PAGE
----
The White House today told reporters that an upcoming back-to-school speech by President Barack Obama – scheduled for Tuesday at noon – has nothing to do with politics. For days, conservative commentators have decried the speech as an attempt at "socialist indoctrination," and "a call to youth arms to marshal help in passing [Obama's] legislative agenda."
But today spokesman Robert Gibbs said the address was only a chance for students to get "a little encouragement as they start the school year."
"I think we've reached a little bit of the silly season when the President of the United States can't tell kids in school to study hard and stay in school," White House spokesman Robert Gibbs told reporters, according to the Associated Press. "I think both political parties agree that the dropout rate is something that threatens our long-term economic success."
The controversy over the speech has sent many educators scrambling. School districts in Minnesota, Texas, Colorado, and Missouri have either decided against airing the speech or made attendance optional – leaving the choice to parents. Still, many Republican politicians, including Minnesota Governor Tim Pawlenty, have advocated that the address be dropped altogether.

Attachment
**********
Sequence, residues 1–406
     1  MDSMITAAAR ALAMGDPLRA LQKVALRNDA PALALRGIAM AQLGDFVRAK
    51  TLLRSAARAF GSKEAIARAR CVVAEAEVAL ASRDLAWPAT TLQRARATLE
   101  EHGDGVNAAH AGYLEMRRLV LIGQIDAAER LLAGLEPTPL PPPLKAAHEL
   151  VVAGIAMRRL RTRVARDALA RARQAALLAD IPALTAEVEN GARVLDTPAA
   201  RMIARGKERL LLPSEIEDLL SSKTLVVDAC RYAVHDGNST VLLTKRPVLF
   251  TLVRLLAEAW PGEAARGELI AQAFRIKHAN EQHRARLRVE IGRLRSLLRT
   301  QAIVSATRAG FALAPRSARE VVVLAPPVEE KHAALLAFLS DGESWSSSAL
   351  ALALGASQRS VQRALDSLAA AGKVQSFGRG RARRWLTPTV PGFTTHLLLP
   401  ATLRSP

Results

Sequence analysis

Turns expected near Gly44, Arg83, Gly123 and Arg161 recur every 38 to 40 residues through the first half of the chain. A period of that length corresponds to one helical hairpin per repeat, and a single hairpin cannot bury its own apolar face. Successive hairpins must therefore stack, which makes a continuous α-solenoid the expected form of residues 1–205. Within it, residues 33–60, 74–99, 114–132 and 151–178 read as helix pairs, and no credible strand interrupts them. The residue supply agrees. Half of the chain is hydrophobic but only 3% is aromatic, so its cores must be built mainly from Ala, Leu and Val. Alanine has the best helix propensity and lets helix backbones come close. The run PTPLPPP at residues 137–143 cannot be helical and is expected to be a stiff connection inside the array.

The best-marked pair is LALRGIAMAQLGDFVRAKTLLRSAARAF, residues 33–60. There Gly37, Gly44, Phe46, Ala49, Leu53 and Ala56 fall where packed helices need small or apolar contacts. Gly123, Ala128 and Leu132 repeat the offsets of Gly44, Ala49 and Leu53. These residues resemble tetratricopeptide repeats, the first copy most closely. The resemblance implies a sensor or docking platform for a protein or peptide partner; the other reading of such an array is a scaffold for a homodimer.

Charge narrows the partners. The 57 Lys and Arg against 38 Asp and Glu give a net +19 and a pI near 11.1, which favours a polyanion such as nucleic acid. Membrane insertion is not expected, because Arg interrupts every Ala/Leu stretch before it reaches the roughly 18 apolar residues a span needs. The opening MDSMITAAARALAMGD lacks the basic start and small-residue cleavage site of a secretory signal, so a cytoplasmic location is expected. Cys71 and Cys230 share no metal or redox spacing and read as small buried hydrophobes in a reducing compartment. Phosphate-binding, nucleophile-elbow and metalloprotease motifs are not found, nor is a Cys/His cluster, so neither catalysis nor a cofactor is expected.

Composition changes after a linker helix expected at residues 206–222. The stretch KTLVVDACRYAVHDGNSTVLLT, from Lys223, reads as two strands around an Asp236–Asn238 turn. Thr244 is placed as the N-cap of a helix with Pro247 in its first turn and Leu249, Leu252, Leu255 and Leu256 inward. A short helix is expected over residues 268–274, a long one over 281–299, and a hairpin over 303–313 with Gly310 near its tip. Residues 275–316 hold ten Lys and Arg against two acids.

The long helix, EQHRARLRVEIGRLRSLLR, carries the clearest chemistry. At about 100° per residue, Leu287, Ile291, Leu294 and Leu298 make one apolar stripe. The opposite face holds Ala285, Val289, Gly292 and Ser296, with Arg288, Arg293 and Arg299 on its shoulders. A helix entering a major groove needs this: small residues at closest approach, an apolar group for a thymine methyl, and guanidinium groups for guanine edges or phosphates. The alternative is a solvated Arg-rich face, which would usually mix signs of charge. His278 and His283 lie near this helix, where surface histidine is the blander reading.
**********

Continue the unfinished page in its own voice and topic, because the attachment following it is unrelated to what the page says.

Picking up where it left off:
"At a minimum [the speech is] disruptive, number two, it's uninvited and number three, if people would like to hear his message they can, on a voluntary basis, go to YouTube or some other source and get it. I don't think [Obama] needs to force it upon the nation's school children," Pawlenty said this week, according to the Minneapolis Star-Tribune.
As we noted yesterday, Obama is not the first president to give a speech aimed directly at students. In October 2001, George W. Bush urged kids to donate a dollar to America’s Fund for Afghan Children. Ten years before that, George H.W. Bush was criticized by Democrats for conducting a teleconference with students on the topic of math and science.
White House spokesman Tommy Vietor told FOXNews.com that the point of Obama's speech "is to challenge students to work hard in school, to not drop out and to meet short-term goals like behaving in class, doing their homework and goals that parents and teachers alike can agree are noble. This isn’t a policy speech," Vietor said. This is a speech designed to encourage kids to stay in school.”
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